Tuesday, June 26, 2012

Maurice Sendak: Wannabe Terrorist and Presidential Assassin

Wannabe Terrorist Maurice Sendak
Well, here's an excellent way for a man to ruin his literary reputation just months before he dies.  (I realize this strays into the political arena but I am so appalled by what this jackass had to say that I'm going to take a chance and post his comments here.)

In an October interview being previewed at a site called The Comics Journal right now, the formerly beloved children's author had this to say about a fantasy of his, a dream he longed to turn into reality:
SENDAK: Bush was president, I thought, “Be brave. Tie a bomb to your shirt. Insist on going to the White House. And I wanna have a big hug with the vice president, definitely. And his wife, and the president, and his wife, and anybody else that can fit into the love hug.”
GROTH: A group hug.
SENDAK: And then we’ll blow ourselves up, and I’d be a hero. [Groth laughs.] To hell with the kiddie books. He killed Bush. He killed the vice president. Oh my God.
GROTH: I would have been willing to forgo this interview. [Sendak laughs.]
SENDAK: You would have forgotten about it. It would have been a very brave and wonderful thing. But I didn’t do it; I didn’t do it.
Yes, you were a wonderful man, Mr. Sendak.  I'm sure you're family is going to be very proud to read this insanity.  The man was sick.  My copy of Where the Wild Things Are is going out with the rest of the trash tonight.


  1. I'd like to read the context from which this quote was taken. Do you believe in all sincerity that he was serious when he said this? If so, that is awful and I certainly don't condone terrorism of any form. I wouldn't agree with these politics; however, his children's books are wonderfully creative pieces of writing that I recall reading with my kids when they were little. His politics, if this is what he truly believes, do not change the fact that he was a brilliant author.

    You may not agree with this, in fact a lot of you may not, but we are all entitled to our opinion and freedom of speech. We shall just agree to disagree.

  2. Shirley, follow that link and you'll get a better idea of the context of that quote, I think. I do believe that he was serious because no one could possibly think this would be something to lightly joke about. Even the interviewer appears to have been a little shocked at what the man said.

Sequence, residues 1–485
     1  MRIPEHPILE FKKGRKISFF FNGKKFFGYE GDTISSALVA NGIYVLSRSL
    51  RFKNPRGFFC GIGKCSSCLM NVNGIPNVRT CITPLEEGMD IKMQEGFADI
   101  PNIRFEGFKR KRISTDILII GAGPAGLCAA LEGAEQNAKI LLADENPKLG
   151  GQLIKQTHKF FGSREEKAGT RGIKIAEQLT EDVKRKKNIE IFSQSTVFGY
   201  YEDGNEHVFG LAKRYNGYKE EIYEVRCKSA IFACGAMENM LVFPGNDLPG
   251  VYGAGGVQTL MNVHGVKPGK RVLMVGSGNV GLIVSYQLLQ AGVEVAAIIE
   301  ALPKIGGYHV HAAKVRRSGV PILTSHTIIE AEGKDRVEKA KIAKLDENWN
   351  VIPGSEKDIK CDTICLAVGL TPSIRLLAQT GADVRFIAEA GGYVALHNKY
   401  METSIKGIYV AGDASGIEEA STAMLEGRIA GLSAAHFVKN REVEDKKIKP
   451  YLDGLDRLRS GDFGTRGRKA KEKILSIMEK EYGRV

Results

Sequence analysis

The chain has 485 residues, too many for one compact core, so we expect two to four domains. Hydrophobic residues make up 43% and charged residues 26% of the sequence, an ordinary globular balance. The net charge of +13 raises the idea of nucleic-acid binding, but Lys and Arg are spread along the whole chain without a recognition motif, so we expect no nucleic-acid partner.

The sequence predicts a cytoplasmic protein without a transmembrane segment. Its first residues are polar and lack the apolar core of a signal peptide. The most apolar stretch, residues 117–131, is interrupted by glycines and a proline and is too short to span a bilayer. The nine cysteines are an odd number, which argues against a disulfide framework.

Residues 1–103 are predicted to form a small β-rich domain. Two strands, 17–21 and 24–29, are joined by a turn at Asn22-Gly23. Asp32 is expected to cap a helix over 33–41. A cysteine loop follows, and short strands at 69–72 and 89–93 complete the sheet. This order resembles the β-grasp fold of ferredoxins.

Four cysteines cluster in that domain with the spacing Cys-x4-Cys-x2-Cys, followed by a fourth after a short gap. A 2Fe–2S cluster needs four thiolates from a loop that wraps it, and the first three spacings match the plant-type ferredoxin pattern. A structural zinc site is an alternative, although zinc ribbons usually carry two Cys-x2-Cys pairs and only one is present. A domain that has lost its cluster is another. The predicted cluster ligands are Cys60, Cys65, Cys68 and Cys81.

His books were family favorites here for two generations but I will never be able to look at one again without thinking of the real man who wrote them. That's why I want them out of my house. I think there's one other one here someplace but I haven't found it yet. I don't want to be reminded of the man's hatred...life is too short to be upset by a fool.

  3. I think he was a depressed man. The things I read about him as a person made him not so appealing. But this could probably be true of many writers. I'm likely one of a very few who wasn't all that wild (couldn't resist the word) about his books. My kids liked them alright, but I have no memory of them wanting to read them over and over like some others.

  4. I just don't know what Sendak's problem was, Nan, but it still angers me to think about the stupidity he expressed and then seemed so proud of. I try to understand the far left, but I am constantly shocked by the level of behavior they find so amusing and acceptable. There are a handful of writers I can never read again because of their extreme lack of character.

  5. I watched a documentary about Mr. Sendak a few years ago. He had a very hard upbringing with quite a bit of personal tragedy, so I was touched (to the point of misty eyes) at the love and loyalty he displayed to the people in his life. The quote you cited was quite shocking! I know the last several years of his life were filled with ill health, including some strokes. I can only hope that the sentiment came from a bit of scrambled brain rather than from the heart.


  6. TLK, I would like to believe that you're correct about Sendak...really would. But he sounds completely coherent and self-aware in this interview and I have to believe he was being sincere in expressing his fantasy here. The more I think about it, he seems like a man wanting to get it all out before he passed away...and everyone could take it or leave it.

  7. Not just the far left but the far right, too. :<)

  8. Right you are, Nan. I think the key word in the conversation is "far." Always a bad sign to find yourself the extreme fringe edge of any group...